Pfizer (PFE -0.49%) won the world's most-watched race when it scored the first emergency authorization for a COVID-19 vaccine. The U.K. gave Pfizer and partner BioNTech the nod in early December. And the U.S. and other countries followed soon afterward. Moderna's vaccine also entered the market in December.
But there's more to Pfizer's coronavirus story. This past week, Pfizer said it has launched a phase 1 trial of an oral antiviral treatment for COVID-19. The big pharma company also is studying an intravenously administered therapeutic in a phase 1b trial.
Pfizer may be on its way to becoming a coronavirus powerhouse. Yet it's share price hasn't followed. Let's take a closer look.
A vaccination leader
The U.S. has so far administered more than 65 million doses of Pfizer's vaccine and has ordered a total of 300 million doses from the company. And countries around the world are using the Pfizer vaccine, too. For example, the European Union recently ordered more -- for a total of 500 million doses to be delivered this year.
Pfizer predicts coronavirus vaccine revenue will total $15 billion this year. Of course, the company has to split the profits with BioNTech, but this still represents a blockbuster level of sales for both companies.
Now let's look at Pfizer's treatment candidates. Both are protease inhibitors that work by binding to a part of the virus and preventing replication. The most recent trial is to study dosage levels and the safety and tolerability of the oral candidate. It includes healthy adult volunteers only.
Preclinical work showed anti-viral activity against SARS-CoV-2 and other coronaviruses. The goal would be to use such a treatment at the first sign of infection to prevent hospitalization and severe disease.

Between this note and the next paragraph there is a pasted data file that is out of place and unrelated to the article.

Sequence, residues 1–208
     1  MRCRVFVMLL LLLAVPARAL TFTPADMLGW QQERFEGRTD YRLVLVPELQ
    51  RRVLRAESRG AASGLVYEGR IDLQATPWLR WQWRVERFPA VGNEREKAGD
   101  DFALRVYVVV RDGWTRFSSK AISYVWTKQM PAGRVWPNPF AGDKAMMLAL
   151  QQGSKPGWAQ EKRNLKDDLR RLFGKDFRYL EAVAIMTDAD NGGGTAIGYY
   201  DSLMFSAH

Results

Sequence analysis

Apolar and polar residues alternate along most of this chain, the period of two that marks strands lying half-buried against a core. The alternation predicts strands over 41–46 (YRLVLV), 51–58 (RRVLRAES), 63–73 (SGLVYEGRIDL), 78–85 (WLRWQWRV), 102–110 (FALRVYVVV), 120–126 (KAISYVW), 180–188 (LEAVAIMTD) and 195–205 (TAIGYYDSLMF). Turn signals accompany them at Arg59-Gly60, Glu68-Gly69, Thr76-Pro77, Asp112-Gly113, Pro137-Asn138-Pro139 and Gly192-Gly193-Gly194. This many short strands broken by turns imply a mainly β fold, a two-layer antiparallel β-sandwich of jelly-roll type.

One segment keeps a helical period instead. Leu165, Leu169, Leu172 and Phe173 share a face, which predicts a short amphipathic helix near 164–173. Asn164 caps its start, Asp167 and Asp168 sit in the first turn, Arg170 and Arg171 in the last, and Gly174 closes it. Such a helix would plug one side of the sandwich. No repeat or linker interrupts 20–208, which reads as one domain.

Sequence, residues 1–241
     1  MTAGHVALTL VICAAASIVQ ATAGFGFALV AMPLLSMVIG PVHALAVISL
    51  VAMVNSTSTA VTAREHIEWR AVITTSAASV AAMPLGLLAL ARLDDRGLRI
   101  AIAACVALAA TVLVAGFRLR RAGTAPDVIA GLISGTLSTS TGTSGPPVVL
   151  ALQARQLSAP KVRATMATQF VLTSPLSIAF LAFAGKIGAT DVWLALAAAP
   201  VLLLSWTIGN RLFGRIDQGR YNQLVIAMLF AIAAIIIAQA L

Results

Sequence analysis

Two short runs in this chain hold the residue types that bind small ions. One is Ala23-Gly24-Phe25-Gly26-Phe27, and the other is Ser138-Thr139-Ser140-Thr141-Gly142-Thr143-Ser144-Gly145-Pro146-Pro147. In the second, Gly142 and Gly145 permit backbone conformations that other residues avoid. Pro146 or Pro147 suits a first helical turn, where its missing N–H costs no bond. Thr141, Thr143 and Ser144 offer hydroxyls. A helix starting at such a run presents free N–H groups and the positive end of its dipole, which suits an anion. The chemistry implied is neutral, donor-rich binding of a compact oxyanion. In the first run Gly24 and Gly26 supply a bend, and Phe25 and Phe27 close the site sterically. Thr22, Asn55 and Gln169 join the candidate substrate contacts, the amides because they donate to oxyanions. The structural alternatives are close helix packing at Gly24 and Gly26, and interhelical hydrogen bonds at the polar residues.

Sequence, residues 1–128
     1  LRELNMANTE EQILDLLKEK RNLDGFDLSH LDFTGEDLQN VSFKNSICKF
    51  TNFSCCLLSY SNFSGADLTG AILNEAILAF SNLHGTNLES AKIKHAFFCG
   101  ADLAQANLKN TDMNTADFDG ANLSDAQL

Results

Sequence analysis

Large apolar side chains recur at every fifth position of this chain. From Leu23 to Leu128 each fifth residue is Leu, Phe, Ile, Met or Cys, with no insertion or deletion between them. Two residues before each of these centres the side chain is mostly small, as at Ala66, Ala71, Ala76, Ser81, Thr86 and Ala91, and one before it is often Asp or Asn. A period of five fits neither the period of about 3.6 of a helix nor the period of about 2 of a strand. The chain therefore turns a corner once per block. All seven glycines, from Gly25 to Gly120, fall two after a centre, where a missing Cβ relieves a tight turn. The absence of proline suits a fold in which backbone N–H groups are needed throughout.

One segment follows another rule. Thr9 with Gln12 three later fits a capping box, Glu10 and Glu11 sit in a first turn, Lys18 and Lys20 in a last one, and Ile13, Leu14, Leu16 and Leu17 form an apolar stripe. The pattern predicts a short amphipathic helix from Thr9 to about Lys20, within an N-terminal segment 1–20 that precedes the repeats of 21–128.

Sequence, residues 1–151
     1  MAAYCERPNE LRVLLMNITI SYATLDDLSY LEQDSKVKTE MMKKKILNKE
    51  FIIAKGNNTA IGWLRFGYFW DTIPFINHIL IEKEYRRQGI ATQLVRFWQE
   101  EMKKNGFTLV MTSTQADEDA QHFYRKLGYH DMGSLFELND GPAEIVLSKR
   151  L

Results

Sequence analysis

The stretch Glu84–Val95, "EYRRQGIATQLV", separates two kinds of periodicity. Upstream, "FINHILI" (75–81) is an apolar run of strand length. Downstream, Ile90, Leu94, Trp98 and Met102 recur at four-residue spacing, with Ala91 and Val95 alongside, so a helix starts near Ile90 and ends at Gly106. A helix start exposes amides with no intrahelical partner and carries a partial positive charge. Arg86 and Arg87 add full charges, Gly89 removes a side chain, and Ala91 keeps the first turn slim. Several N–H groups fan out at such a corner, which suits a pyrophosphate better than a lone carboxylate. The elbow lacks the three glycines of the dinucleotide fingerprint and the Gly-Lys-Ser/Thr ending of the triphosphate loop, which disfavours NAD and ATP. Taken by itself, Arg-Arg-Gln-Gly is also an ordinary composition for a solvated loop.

Pfizer's trial of the intravenous protease inhibitor involves patients hospitalized with COVID-19. If it's successful, it would eventually be used as a treatment for that patient group.
These candidates represent possible future revenue for Pfizer. They most likely would be used in a post-pandemic world. And if they're successful, Pfizer would become a leader in coronavirus prevention and treatment.
With that news, you might wonder why this year's share-price performance versus rivals looks like this:
And Pfizer's performance last year looked like this:
Clearly, Pfizer's shares haven't been sensitive to its coronavirus news. And Pfizer isn't alone. Other big pharmas selling coronavirus vaccines are having a similar experience. For example, Astrazeneca and Johnson & Johnson shares rose 0.3% and 7.9%, respectively, last year.
As you can see in the charts above, rivals Moderna and BioNTech have been sensitive to news from their programs.
Why are biotech players posting massive gains while Pfizer and big-pharma peers lag behind? Moderna and BioNTech depend on coronavirus vaccine revenue. They didn't have commercialized products prior to launching their vaccines. So every bit of good news leading up to authorization -- and now news of sales -- is reason for investors to cheer.
These product launches represented the first product revenue ever for Moderna and BioNTech -- and the revenue happens to be in the billions. The product launches also are proof that the companies' technologies work -- and that they can bring safe and efficacious products to market.
An array of products
Like other big pharmas, Pfizer sells a vast array of products. Full-year 2020 revenue topped $41 billion, so the company's success doesn't depend on the coronavirus vaccine. News about it generates far less excitement among investors because the coronavirus vaccine isn't transformative for Pfizer.
This doesn't mean Pfizer's coronavirus work will never boost the company's stock price. But this program won't do it alone -- and it won't happen overnight. Pfizer investors are looking at progress of the whole product portfolio over time.
And here, things are looking good. Pfizer's spinoff of its Upjohn business is complete, and Pfizer is all set for faster growth. The company says 2021 revenue may rise as much as 47% year over year. Looking into the future, potential COVID-19 treatments could be another valuable addition to Pfizer's portfolio.
All of this should translate into steady share gains. And that makes Pfizer a winning pick for investors who want to buy a solid healthcare player and hold on to it for the long term.